Extracellular Vesicular (EV) Content as Biomarkers and Therapies of Combat-related Morbidities
There is a need for non-invasive biomarkers and novel therapies for combat persistent injuries, including injury-induced inflammation and pain as well as the combat stress reaction (CSR). Service Members are exposed to adversarial conditions that can result in sustained combat injuries. Therefore, a major research goal is to understand the mechanisms that underlie these injuries to identify and test novel therapeutics. Inflammation and pain is experienced as a result of all combat-related injuries and can be exacerbated by physical and psychological stress. The combat stress reaction (CSR), experienced as a direct result of battlefield stress exposure, exhibits as a collection of autonomic nervous system symptoms, such as exhaustion, that function to limit the Service Member’s performance. In extreme hostile conditions, the ratio can be as high as 1:1 for CSR to battle casualties. Currently, knowledge pertaining to biomarkers for inflammation, CSR, pain development, and other combat-related injuries is severely lacking. In this special issue, we explore extracellular vesicular (EV) content as biomarkers and therapies of combat-related morbidities. This research is also quite applicable to civilian-sustained injuries.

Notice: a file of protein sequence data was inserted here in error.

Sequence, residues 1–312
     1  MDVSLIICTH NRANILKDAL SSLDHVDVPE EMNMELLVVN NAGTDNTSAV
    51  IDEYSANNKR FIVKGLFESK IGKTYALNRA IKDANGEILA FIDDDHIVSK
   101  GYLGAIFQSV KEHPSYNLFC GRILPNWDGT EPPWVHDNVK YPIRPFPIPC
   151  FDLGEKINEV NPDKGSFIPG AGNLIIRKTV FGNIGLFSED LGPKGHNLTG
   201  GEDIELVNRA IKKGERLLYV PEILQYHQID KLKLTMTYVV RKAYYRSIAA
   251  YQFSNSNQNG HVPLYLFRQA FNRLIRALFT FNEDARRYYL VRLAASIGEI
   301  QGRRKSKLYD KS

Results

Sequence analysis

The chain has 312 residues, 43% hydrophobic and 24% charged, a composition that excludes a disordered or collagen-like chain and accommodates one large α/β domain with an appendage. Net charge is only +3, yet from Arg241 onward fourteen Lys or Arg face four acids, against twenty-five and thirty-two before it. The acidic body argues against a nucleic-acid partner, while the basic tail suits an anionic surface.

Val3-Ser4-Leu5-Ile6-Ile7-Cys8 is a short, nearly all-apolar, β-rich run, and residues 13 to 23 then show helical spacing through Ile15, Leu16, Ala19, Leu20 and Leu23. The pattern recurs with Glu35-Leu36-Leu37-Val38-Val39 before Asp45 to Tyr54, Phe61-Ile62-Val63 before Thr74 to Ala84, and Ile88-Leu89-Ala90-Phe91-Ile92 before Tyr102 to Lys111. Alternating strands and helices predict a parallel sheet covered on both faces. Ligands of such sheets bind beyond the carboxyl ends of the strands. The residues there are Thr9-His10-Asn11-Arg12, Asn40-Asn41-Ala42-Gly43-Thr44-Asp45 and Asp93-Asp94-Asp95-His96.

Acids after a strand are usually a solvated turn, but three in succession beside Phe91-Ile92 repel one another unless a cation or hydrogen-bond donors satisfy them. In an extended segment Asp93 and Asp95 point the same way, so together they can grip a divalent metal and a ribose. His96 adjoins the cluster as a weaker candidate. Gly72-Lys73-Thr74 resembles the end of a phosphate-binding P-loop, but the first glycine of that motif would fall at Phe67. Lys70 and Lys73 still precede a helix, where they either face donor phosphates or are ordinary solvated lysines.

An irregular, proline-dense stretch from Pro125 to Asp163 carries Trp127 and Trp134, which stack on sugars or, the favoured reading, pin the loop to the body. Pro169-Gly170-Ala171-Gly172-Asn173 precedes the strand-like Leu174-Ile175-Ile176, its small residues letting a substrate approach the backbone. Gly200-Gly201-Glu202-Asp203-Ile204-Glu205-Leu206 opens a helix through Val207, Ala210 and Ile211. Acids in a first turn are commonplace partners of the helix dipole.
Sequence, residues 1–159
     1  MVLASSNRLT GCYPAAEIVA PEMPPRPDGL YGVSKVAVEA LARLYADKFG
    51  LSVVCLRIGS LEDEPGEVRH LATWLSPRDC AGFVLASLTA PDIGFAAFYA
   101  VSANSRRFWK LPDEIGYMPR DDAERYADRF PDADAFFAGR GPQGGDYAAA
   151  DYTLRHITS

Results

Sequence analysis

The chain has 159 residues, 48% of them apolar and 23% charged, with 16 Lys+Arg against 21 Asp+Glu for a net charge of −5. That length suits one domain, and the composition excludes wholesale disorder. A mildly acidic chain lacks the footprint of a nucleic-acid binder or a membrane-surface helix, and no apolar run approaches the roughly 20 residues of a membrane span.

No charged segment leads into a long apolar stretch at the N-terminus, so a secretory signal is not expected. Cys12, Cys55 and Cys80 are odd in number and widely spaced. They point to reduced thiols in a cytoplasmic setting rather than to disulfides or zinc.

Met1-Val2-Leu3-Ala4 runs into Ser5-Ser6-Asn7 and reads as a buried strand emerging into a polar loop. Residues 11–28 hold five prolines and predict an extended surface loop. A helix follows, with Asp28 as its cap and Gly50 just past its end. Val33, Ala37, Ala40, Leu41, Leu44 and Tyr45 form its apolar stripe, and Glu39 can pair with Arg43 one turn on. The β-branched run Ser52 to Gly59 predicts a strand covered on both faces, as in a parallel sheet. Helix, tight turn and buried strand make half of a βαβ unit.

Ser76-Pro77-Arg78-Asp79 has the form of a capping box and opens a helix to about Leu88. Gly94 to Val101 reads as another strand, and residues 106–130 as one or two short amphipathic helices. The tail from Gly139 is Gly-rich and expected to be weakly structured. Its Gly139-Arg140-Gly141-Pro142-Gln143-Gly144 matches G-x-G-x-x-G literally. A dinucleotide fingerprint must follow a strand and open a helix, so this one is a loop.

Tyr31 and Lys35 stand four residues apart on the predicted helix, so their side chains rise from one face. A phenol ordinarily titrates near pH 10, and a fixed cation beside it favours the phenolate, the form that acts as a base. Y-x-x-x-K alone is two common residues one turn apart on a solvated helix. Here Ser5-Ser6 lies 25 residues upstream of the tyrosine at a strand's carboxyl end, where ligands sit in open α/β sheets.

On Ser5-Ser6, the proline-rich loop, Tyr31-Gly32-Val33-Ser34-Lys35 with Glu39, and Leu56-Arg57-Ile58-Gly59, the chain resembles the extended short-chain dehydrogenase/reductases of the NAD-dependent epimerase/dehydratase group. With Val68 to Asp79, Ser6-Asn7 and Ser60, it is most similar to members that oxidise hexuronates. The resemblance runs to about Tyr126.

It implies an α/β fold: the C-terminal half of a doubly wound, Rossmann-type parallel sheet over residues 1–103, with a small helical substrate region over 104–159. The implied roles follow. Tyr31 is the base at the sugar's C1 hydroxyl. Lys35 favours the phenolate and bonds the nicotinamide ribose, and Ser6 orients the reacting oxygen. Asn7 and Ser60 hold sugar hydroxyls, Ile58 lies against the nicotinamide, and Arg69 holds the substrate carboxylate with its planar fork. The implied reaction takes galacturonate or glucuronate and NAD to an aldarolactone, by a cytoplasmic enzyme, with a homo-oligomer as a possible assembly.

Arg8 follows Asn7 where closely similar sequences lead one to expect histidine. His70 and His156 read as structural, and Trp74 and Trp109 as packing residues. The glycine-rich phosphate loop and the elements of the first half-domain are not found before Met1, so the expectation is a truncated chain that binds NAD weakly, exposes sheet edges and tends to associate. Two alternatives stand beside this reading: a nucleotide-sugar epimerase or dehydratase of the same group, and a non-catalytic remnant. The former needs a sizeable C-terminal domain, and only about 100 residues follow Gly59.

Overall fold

EV contained content are attractive biomarker candidates due to their conservation across species, stability in liquid biopsies, and variation that corresponds to a pathologic state. miRNA, mRNA, and protein can be sorted into EVs within the cell and released from a site of injury followed by endocytosis by adjacent or distant target cells. Upon uptake, the EV content can function to affect various signaling pathways that may contribute to inflammation, pain, CSR, or other combat-related morbidities. Previously, we discovered several potential biomarkers of nerve injury and for the development of neuropathic pain. The focus of this previous study was to determine the plasma derived EV miRNA content in a neuropathic pain model (Sosanya et al., 2019, J Pain). In this proposed special issue, we explore research in the use of EV content as biomarkers and therapies for inflammation, pain, CSR, and other combat-related morbidities.